Why the Coastal Commission’s ‘yes’ vote to SeaWorld is a good thing

Oct 09, 2015 by afdadmin
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Photo of the meeting in progress, from L.A Times.

Photo of the meeting in progress (Allen J. Schaben / Los Angeles Times)

You might remember we recently asked you to write to the California Coastal Commission about SeaWorld’s planned orca exhibit “Blue World”. Well, today the commission announced their much-awaited decision.

Let’s be upfront. The commission did give the green light to SeaWorld to build its proposed $100 million enclosure expansion. And yes, a bigger prison is still a prison. However, the great and unexpected news is that if they decide to go ahead, SeaWorld will be banned from breeding orcas.

This means the eleven orcas currently held at SeaWorld SanDiego could be the last.

This surprising twist came from Commissioner Dayna Bochco of San Francisco.  Bochco put forward a prohibition on any breeding of orcas, any artificial insemination, and all transfers between other parks. She also proposed the new project not house any whales captured from the wild.

And the Commission agreed.

The decision is possibly the biggest and most controversial the commission has had to make in the past forty years. It received more than 200,000 emails and 50,000 letters in relation to the proposed expansion – many of them from Australia for Dolphins’ supporters, no doubt!

The convention centre where the meeting took place was packed with over 650 animal advocates and pro-SeaWorld representatives, many of whom weighed in on the issue.

The event was attended by a number of passionate anti SeaWorld protesters (Allen J. Schaben / Los Angeles Times)

The event was attended by a number of passionate anti SeaWorld protesters (Allen J. Schaben / Los Angeles Times)

One teen dolphin advocate spoke against Sea World, despite having some difficulty: “Excuse me for my poor speech. I just got my braces.” A pro-SeaWorld spokeswoman said unconvincingly: “The lie about us being paid to be here is a lie.”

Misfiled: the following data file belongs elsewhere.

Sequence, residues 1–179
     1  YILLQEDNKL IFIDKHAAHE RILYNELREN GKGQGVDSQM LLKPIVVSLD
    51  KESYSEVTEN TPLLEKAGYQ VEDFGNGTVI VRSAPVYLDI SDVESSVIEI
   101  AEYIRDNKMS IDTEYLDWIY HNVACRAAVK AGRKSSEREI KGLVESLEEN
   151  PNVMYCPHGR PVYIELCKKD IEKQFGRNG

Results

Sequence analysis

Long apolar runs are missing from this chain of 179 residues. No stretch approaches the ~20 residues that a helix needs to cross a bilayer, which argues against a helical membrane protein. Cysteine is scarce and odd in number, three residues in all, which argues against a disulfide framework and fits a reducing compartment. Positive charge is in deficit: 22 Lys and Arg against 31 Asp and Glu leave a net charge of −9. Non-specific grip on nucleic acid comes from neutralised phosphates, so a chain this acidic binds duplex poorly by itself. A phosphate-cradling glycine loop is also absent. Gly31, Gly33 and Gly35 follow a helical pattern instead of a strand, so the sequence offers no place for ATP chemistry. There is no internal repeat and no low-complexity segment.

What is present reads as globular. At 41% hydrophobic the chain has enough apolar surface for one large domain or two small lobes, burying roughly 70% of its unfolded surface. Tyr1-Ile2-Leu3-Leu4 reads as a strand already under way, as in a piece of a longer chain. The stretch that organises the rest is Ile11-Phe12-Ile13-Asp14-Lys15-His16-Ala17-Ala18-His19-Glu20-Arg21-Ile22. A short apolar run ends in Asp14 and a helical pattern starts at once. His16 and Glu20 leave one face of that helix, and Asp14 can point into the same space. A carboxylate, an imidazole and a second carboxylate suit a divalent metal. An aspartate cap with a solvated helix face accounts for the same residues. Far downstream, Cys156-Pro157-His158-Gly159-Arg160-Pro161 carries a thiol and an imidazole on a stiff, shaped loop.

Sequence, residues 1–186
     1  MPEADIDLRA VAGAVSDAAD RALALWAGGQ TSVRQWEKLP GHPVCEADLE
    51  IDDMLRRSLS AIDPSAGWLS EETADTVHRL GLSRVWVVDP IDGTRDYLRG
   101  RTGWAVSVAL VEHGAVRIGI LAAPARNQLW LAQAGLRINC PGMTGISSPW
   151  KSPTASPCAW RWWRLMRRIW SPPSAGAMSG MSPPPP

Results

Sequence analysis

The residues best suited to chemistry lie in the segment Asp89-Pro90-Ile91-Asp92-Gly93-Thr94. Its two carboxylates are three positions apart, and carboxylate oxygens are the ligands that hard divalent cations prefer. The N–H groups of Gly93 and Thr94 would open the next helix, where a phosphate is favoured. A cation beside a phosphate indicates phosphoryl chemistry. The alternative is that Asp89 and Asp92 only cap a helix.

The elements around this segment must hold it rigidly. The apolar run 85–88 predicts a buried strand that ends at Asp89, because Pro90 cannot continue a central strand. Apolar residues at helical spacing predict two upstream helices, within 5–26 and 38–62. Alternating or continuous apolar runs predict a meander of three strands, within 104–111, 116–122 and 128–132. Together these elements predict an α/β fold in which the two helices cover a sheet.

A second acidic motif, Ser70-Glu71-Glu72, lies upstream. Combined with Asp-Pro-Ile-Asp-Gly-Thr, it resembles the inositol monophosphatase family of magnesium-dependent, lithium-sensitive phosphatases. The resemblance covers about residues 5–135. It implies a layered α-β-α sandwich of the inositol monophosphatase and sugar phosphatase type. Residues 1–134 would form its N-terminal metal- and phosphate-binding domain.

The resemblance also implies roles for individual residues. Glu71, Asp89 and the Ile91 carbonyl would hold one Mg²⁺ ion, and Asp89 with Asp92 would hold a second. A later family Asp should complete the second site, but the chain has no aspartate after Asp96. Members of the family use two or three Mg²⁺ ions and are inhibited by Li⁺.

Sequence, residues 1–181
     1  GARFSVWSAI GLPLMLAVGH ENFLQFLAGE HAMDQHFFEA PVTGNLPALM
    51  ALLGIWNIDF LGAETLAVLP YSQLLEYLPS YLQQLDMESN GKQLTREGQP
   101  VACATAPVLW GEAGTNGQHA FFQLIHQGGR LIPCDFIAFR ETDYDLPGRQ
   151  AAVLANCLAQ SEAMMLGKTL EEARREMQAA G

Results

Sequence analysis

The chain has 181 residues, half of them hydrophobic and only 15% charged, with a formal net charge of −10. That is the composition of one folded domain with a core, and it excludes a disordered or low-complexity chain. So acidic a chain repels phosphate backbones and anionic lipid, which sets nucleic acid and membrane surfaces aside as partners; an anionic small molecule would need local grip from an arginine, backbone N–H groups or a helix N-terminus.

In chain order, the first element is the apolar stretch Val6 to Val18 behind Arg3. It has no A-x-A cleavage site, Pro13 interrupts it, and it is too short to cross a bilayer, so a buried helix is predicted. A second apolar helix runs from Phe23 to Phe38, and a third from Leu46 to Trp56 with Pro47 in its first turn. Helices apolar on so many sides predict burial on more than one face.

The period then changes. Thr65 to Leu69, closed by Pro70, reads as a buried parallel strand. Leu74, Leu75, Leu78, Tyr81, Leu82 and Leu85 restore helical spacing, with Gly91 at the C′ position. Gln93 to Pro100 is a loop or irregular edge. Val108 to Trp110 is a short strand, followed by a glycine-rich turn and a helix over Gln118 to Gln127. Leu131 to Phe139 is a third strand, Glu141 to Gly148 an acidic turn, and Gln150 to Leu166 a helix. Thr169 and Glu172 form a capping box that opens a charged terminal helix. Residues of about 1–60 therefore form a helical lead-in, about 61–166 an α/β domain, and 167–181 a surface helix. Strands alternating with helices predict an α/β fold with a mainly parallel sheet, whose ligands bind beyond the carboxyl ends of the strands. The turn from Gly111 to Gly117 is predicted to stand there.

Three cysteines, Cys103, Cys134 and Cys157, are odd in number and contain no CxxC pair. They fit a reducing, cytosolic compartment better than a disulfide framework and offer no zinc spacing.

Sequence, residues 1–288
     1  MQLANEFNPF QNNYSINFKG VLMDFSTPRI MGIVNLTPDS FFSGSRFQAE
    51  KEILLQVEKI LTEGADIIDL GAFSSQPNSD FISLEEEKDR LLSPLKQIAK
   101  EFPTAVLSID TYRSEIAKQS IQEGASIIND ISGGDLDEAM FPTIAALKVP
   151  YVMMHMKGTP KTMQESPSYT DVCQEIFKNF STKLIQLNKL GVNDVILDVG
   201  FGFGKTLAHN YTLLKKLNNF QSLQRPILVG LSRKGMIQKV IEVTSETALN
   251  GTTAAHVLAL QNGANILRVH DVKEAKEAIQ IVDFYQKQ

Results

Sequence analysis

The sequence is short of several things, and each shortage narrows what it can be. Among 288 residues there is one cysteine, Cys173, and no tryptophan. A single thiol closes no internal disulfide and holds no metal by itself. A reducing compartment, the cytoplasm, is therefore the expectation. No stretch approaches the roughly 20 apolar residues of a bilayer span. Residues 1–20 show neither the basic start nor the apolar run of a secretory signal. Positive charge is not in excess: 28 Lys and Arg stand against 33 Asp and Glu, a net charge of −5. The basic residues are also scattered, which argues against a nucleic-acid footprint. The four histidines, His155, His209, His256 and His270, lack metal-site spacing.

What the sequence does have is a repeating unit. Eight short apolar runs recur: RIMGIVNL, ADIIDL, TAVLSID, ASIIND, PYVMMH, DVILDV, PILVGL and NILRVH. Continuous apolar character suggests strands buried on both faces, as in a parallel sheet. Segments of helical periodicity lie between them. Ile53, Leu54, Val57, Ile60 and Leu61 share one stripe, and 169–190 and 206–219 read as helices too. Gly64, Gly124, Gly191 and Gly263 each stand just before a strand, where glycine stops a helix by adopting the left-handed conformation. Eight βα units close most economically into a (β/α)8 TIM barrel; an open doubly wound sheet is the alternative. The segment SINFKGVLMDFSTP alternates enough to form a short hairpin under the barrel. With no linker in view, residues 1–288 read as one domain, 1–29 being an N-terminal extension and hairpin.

Perhaps the best indication of what this ban actually means came from the president of SeaWorld San Diego himself. President John Reilly was clearly rattled by the result. He tried to buy the organisation some time, stating:

“We are disappointed with the conditions that the California Coastal Commission placed on their approval of the Blue World Project, and will carefully review and consider our options. Breeding is a natural, fundamental and important part of an animal’s life and depriving a social animal of the right to reproduce is inhumane.

“A ban on breeding would sentence these animals to a slow extinction in our care,” he added.

But SeaWorld’s spin didn’t dupe the commission and it doesn’t fool us either. There is nothing natural about trainers milking orcas for their sperm and artificially inseminating females against their will.

The only reason SeaWorld is keen to add to their orca population is to ensure there will be future generations of orca to profit from.

And inhumane? Good choice of words, Reilly. We can’t think of a better one for forcibly separating orca families and keeping these wild, intelligent, migratory mammals in tiny tanks.

Pamela Anderson was amongst the anti SeaWorld protesters at the comission.  (Allen J. Schaben / Los Angeles Times)

Pamela Anderson was amongst the anti SeaWorld protesters at the comission. (Allen J. Schaben / Los Angeles Times)

Essentially, the commission’s decision means if SeaWorld does decide to go ahead with the expansion, it will have to phase out the use of orcas for entertainment. If it doesn’t go ahead with the expansion, it will prove what many have said all along – SeaWorld doesn’t actually care about its orcas, it cares about the money orcas make for SeaWorld.

It will be interesting to see whether SeaWorld does go ahead with the expansion – or if it finally sees the writing on the wall and takes steps toward releasing its orcas to a sea sanctuary.

Let’s hope it’s the latter.